Exuma, Eleuthera benefit as Abaco and GB recover


An increase in scheduled air seats for Exuma and North Eleuthera is an unintended but positive result of Hurricane Dorian, according to Senior Director of Airlift Development in the Ministry of Tourism Tyrone Sawyer, who said numbers reflect an increase year over year for scheduled flight seats.

In fact, he said Exuma and Eleuthera have become the two most sought-after Family Islands.

“One of the things that we’ve benefited from is the fact that because of Dorian and the discontinuation of flights into Freeport and Marsh Harbour, we would have seen more flights into George Town, Exuma, and by Delta from Atlanta into North Eleuthera, so we would have seen an unintended outcome from Dorian which hurt us in Grand Bahama and Abaco, but would have helped us somewhat by virtue of the fact that we got more seats and better productivity into both Exuma and North Eleuthera,” Sawyer told Guardian Business yesterday.

“It makes us understand the significance of Abaco and the importance of us getting Abaco back up and running. We see that as a national imperative for ourselves, so all of our efforts are tracking to make that happen as quickly as possible.”

Sawyer said he expects bookings in general to surpass the first quarter of last year, a projection that has already been made by the Bahamas Hotel and Tourism Association, which last month reported that foreign air and sea arrivals data showed arrivals to The Bahamas up by 14.1 percent between January to June 2019 year-to-date (YTD) compared to the same period of 2018, with foreign air arrivals up by 15.9 percent between January to June 2019 YTD compared to the same period of 2018.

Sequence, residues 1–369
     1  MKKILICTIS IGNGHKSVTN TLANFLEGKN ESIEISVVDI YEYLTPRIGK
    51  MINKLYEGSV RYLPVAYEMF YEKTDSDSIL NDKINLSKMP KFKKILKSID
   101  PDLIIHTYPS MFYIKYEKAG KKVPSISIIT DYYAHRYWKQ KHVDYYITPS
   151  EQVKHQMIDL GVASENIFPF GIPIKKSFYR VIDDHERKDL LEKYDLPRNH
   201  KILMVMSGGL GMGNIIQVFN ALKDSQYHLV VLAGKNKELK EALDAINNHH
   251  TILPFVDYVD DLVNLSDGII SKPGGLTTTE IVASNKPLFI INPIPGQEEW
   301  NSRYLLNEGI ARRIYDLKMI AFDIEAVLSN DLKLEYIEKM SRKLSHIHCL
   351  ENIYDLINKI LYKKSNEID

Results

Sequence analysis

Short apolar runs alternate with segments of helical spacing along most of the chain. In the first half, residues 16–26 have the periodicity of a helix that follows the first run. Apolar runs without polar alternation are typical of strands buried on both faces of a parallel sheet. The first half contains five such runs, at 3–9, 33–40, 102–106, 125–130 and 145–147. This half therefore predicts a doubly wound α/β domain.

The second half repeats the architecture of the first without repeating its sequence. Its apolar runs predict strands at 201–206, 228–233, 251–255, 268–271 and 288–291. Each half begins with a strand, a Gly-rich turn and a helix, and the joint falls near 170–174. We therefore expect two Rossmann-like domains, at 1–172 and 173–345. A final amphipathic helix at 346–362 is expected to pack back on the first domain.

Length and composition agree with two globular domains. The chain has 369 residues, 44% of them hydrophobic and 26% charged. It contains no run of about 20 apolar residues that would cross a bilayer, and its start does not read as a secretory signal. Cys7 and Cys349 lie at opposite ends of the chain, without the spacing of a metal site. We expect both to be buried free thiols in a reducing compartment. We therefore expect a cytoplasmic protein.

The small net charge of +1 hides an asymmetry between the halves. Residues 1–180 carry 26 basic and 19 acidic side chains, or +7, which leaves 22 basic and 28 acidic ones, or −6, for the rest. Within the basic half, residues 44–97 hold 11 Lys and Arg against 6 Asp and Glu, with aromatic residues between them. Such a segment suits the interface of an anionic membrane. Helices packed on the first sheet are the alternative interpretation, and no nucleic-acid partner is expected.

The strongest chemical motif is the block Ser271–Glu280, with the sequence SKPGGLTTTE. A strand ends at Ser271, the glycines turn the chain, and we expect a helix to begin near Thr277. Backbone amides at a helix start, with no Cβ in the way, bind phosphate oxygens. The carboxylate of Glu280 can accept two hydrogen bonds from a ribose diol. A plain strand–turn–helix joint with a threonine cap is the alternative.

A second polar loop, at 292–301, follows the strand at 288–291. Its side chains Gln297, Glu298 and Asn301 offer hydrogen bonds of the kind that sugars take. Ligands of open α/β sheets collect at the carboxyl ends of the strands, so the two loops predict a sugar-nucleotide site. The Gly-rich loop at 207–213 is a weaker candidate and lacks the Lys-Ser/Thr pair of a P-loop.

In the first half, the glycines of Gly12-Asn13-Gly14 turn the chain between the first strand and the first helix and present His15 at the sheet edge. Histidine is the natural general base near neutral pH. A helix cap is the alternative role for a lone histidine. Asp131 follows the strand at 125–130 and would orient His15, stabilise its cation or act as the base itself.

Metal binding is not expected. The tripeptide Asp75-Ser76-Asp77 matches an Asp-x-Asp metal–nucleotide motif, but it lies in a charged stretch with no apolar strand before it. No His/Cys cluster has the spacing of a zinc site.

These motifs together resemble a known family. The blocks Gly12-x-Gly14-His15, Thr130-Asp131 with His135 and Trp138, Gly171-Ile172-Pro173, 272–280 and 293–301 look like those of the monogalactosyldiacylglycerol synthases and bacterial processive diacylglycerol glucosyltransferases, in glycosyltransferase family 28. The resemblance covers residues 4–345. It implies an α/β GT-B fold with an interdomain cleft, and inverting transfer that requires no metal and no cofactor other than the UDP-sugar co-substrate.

“The amount of air seats that we have scheduled, airline seats coming actually improved year over year and it’s tracking slightly above December through April year over year, so slightly above and that’s a very good accomplishment, bearing in mind the hit that we took from Hurricane Dorian in September,” Sawyer said.

“Because usually what happens when you have that sort of catastrophic event, people just think of The Bahamas as one landmass and the seats tend to go away or decrease. But the markets we’ve reached out to, and though some have decreased the load, others have increased and as we look at the entire amount of air seats from all of the different originating gateways, it is still tracking just above the 2019 level for January, February, March and April.”

Sawyer clarified the distinction between seat capacity – which is the amount of seats that are scheduled – versus flight performance or the load factor performance of the flights themselves. Nevertheless, the tourism executive said the industry’s outlook appears positive in general.

“We want to distinguish between the two things. But what I can say to you is that we saw a hit in September because of the storm and we would have seen a slight drop-off also in October and to some extent in November,” he said.

“But we’ve seen from December going forward evidence of a resurgence in consumer demand for our destination, because it’s really the demand that’s going to drive our total performance going forward.”

Paige McCartney
The Nassau Guardian
January 3, 2020